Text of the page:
Guðmundur Thoroddsen is best known for paintings and sculptures which used to embrace the irony and dreamy qualities of surrealism, opening a window to a parallel universe where absurdity is presented as ordinary, works which have been often connected to a critic to masculinity and to our patriarchy society. His solo show Snip Snap Snubbur at Hafnarborg features some new works which demarcate a new step in the development of the artist’s practice, a shift towards a more abstract aesthetic enhancing the material aspects of the works.
His will to engage in a more material-orientated practice has been hindered by his parallel need for a narrative, an important part of his practice which he couldn’t let go completely, and which functioned as an anchor to prevent him from sinking into the uncharted waters of abstract art. Through the use of the oil paint on canvas the two urges converge into pieces where subjects and recognisable elements are present but unified in a single level of existence: characters, objects and backgrounds cohabit blended in masses of colours where shapes are defined not by distinct boundaries but by the diverse patterns and textures. The same process is visible in his sculptures: he has ceased using the wheel, an instrument which used to give some kind of stable shape to his works, and decided to make them manually from start to end, playing with piling up clay in different layers. The sculptures, just like his paintings, look like melted, collapsed, formless objects made by children in a kindergarten, suggesting a certain enjoyment and lightness behind his practice, but prompting an uncanny feeling in the viewers because they resemble human beings and familiar objects, but deformed and not quite matching the way we see people and objects in our everyday life.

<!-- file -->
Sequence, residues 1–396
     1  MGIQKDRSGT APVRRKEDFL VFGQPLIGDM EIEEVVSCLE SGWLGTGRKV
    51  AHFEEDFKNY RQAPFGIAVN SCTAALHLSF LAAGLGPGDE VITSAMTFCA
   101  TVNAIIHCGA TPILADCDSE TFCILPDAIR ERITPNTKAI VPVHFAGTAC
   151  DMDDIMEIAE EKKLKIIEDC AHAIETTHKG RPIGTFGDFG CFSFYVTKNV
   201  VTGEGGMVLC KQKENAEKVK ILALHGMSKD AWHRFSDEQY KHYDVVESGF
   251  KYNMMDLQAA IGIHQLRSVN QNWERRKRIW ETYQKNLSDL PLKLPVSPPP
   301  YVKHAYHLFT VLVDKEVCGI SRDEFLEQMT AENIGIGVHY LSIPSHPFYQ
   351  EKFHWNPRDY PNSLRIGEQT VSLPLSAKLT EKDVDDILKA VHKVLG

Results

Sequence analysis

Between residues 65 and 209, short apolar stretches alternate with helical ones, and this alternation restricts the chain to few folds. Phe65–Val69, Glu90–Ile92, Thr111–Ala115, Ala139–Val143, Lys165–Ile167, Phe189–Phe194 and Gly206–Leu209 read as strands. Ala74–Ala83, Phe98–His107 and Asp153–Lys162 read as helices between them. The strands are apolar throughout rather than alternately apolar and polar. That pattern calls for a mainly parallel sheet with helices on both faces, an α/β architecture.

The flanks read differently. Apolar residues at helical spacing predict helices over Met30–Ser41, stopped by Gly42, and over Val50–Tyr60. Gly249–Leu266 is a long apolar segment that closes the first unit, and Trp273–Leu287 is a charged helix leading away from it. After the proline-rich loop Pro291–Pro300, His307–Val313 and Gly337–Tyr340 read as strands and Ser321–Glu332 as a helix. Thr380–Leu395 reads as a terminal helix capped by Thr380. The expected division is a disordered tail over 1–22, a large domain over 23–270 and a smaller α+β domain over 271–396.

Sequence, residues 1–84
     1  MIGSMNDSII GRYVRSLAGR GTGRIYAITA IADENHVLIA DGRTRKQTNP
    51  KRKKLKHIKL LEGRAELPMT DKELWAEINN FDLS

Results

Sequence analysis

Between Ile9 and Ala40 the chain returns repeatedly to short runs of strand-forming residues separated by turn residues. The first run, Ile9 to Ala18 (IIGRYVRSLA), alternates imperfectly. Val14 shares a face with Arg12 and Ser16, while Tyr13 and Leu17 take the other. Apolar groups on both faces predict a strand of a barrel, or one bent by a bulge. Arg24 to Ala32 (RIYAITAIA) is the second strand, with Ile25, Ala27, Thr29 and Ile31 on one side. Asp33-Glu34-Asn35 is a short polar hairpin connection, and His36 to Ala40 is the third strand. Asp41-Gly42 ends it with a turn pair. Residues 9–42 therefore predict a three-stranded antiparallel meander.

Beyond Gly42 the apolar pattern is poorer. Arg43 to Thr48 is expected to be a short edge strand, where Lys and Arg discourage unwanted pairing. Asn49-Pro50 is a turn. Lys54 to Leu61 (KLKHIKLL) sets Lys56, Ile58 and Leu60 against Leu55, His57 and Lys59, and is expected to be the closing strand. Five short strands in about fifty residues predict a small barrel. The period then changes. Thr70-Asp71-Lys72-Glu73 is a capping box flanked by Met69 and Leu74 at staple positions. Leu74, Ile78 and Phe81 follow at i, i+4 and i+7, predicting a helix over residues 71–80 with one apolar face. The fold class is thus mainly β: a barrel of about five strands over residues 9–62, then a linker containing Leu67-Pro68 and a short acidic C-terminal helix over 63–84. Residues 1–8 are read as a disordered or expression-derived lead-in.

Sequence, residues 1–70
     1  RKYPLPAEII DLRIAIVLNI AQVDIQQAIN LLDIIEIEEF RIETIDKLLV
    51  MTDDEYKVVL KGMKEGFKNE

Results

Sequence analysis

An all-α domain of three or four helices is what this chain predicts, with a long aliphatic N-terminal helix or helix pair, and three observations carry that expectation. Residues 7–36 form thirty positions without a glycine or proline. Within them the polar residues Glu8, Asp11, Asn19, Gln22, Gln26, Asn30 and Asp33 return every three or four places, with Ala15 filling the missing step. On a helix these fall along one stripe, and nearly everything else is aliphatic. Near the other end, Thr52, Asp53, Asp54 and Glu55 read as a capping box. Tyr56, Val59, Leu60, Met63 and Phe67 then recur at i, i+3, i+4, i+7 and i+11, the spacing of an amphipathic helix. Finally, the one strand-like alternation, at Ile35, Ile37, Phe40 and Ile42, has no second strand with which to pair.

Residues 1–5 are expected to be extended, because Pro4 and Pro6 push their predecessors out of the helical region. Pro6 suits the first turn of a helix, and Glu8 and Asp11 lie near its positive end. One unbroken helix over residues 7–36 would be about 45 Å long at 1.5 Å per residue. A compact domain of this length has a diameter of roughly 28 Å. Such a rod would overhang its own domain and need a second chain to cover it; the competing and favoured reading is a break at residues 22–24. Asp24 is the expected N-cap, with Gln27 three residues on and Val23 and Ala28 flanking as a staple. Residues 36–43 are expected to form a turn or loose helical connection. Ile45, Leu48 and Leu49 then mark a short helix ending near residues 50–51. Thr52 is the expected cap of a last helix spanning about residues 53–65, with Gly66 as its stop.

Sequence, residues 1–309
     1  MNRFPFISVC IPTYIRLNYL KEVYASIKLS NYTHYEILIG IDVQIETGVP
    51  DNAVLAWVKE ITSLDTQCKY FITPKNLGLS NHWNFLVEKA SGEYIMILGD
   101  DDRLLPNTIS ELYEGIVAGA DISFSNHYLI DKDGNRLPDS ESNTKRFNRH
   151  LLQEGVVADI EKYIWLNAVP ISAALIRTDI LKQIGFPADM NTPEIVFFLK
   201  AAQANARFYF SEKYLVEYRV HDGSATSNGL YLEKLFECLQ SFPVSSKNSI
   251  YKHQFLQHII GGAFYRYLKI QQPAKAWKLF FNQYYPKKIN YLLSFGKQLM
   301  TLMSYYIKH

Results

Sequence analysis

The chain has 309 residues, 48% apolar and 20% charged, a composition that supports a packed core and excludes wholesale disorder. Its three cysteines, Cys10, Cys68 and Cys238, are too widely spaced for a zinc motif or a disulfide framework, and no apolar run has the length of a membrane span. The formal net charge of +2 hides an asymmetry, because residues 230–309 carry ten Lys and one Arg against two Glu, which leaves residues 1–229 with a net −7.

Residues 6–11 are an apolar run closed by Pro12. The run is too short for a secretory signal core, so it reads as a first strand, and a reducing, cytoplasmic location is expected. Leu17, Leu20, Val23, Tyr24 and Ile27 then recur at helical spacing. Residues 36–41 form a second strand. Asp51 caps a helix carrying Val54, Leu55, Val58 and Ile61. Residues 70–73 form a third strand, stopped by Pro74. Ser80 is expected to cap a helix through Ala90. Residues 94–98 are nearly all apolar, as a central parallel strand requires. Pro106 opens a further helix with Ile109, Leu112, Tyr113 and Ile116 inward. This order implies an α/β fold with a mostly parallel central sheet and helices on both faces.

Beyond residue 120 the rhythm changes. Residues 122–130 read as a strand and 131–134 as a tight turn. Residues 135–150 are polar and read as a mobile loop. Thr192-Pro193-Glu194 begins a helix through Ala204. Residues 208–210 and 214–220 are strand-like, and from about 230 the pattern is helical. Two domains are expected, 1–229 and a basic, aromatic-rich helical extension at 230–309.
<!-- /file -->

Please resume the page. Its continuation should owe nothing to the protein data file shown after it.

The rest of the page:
In his new works the focus on material aspects gained more importance in the composition of the paintings, taking over the meaning of the works themselves: the references to the real world are reduced to echoes, mediators in this shift from a figurative practice to a more abstract one. His new works feature men smoking, walking around anxiously, in small interior scenes or in imaginary landscapes, deconstructed and melted within the background, like visions from a different universe where there is no third dimension, no perspective and no physical borders between entities.
The technical aspects of his new paintings have been influenced by Andreas Eriksson, Swedish painter whose practice focuses on landscapes transformed into abstract representations in which viewers can recognise their own places. From Erikson’s painting Thoroddsen took the ability to synthesise the variety of nature’s color gradients and shapes into simplified masses which abstract the original view, creating a sort of new nowhere land. In Eriksson’s paintings the brushstrokes are visible, a style which uncovers the importance of human gestures over a realistic portrait of reality, of human instinct over rationalism. Guðmundur Thoroddsen follows Eriksson’s research for a primordial act, an impetus which comes directly from inside the artist, whom is not trying to emulate but to create, an attempt to produce something beautiful, when „beautiful“ is understood as natural and honest.